And racism in the system: All one needs to do is walk into a visiting room, and it’s pretty self-explanatory. We incarcerate more blacks than any other race. Black and latino people get harsher sentences versus you and I.
You’re constantly posting current, up-to-date information about prison policies and prison injustices all over the country. It seems like you’re often ahead of the news curve on these stories, and sometimes you’re even the one breaking these stories. How do you get this information? Do you do investigative work?
I do. I’m in constant contact with families of prisoners. I’m also in contact with prisoners themselves. Those are my best sources of information, because they’re in the trenches. And I try to stay abreast of what’s happening, because I have a lot of people following me — and I feel like they rely on me to give the facts, what’s really going on.
Is it difficult to get in contact with prisoners to obtain information about what’s going on inside prisons? Prisons seem like they’ve gone out of their way to make this a difficult process…
They do, and this is why cell phones are such a big issue. We do have email now — a lot of prisons have email. Not just federal, but even county and state prisons have email. It can be a little pricey. I think it’s 47 cents per stamp through JPay, and one stamp equals one email.
Sometimes, it is difficult because the prisons will say “we’re taking away your phone calls, we’re taking away your email, or we’re taking away your visits.” And then we don’t get information in a timely manner. So my position on the cell phones, regardless of whether you want to hear it or not, I see the need for the cell phones in prisons. It keeps us informed and it keeps our loved ones safe, because the DOC is not likely to retaliate as harshly when they know that people are on the outside looking in.
Can you talk a little about getting information from the prisons themselves? What’s that process like?
The process is extremely difficult. We are usually stonewalled. If you can get through to someone directly, it’s pretty much amazing. Most of the time, like if you want to get any medical information on a loved one, you have to have a signed medical release by the prisoner on file. And even then, they’re not very transparent. Sometimes even with a signed medical release, they refuse to give us information. That’s happened numerous times. So trying to get information from any department within the DOC, or within the prison, can be very difficult. We’re kind of looked at as an extension of the prisoner, and oftentimes we’re made to feel like we’re criminals as well.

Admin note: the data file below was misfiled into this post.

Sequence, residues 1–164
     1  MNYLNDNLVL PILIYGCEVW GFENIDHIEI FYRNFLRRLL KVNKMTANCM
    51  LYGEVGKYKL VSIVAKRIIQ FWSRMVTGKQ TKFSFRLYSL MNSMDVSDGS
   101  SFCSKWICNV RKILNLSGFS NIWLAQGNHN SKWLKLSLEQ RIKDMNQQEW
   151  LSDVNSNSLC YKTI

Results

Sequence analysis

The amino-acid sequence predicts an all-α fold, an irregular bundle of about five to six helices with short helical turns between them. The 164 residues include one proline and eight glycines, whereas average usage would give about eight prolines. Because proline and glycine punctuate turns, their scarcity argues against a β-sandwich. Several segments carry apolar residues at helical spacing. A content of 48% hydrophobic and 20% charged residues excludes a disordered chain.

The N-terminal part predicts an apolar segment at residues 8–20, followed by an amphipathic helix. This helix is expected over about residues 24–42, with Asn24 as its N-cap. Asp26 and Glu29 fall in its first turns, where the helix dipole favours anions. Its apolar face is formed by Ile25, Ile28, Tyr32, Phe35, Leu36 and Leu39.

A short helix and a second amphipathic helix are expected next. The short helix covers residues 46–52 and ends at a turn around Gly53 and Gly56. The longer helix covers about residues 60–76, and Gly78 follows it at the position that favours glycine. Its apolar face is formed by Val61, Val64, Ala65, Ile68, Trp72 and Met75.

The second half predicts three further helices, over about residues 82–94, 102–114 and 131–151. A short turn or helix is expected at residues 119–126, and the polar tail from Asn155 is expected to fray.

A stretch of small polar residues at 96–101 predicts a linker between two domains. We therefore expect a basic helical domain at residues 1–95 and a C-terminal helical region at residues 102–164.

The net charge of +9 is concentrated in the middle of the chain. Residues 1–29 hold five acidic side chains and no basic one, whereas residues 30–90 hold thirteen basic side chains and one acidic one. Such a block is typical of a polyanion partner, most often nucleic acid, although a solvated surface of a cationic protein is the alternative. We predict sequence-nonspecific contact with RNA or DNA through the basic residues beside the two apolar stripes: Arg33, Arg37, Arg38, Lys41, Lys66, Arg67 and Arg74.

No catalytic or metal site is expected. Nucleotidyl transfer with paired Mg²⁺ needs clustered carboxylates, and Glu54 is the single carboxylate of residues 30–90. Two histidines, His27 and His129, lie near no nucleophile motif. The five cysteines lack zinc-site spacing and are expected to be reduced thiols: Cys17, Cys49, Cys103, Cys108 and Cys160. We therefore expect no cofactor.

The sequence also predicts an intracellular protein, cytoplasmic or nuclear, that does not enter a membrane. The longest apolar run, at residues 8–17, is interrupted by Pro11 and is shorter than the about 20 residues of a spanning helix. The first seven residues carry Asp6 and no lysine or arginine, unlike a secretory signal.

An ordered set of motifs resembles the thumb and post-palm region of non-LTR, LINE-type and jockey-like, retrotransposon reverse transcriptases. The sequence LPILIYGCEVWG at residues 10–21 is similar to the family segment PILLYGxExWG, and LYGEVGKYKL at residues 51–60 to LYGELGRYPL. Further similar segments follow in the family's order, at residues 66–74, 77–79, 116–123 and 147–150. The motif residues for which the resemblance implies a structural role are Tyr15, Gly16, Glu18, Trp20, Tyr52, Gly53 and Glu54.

Can you talk about the difficulties that you’ve had bringing attention to some of these issues and how you’ve been able to do so successfully?
The general public really is still under the impression that people in prison must be the worst of the worst. That’s changing gradually, but it’s taken years for people to realize that the criminal justice system is not what it appears to be — the public’s perception has been our biggest issue. Some people still don’t understand that it’s very easy to go to prison with the laws that we have in the United States. You don’t have to kill someone in order to go to prison, unfortunately.
The more people know, the more likely we will have criminal justice reform. And that’s what the goal is: We want to reform, or even abolish, what we currently have in place. It’s a huge failure, and we need people to know that and be on board with that.
What are some of your biggest achievements with Prison Reform Movement?
The tampon ban was pretty good because it happened in one day. We got an immediate response. It started late Saturday night, because I got the information Saturday night. It started mushrooming on Sunday, but as you know there’s nobody in administrative offices on a Sunday night. Monday it really took off, and by Monday evening, we got a response from Virginia that they were going to look at this closely. But we have to remain vigilant, because they could be sneaky and slip this right back.
Illustration by Amelia Martin